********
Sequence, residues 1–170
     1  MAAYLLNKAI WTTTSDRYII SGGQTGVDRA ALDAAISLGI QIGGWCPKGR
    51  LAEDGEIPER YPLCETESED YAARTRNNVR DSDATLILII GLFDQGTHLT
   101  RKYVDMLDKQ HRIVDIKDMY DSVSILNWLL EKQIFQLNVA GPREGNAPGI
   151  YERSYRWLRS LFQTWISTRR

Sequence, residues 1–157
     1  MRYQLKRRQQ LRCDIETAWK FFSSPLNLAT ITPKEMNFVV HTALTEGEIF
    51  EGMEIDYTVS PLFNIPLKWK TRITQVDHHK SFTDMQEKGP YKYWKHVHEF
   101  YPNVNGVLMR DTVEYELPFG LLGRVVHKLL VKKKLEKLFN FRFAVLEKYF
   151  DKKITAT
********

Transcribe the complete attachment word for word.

Sequence, residues 1–170
     1  MAAYLLNKAI WTTTSDRYII SGGQTGVDRA ALDAAISLGI QIGGWCPKGR
    51  LAEDGEIPER YPLCETESED YAARTRNNVR DSDATLILII GLFDQGTHLT
   101  RKYVDMLDKQ HRIVDIKDMY DSVSILNWLL EKQIFQLNVA GPREGNAPGI
   151  YERSYRWLRS LFQTWISTRR

Sequence, residues 1–157
     1  MRYQLKRRQQ LRCDIETAWK FFSSPLNLAT ITPKEMNFVV HTALTEGEIF
    51  EGMEIDYTVS PLFNIPLKWK TRITQVDHHK SFTDMQEKGP YKYWKHVHEF
   101  YPNVNGVLMR DTVEYELPFG LLGRVVHKLL VKKKLEKLFN FRFAVLEKYF
   151  DKKITAT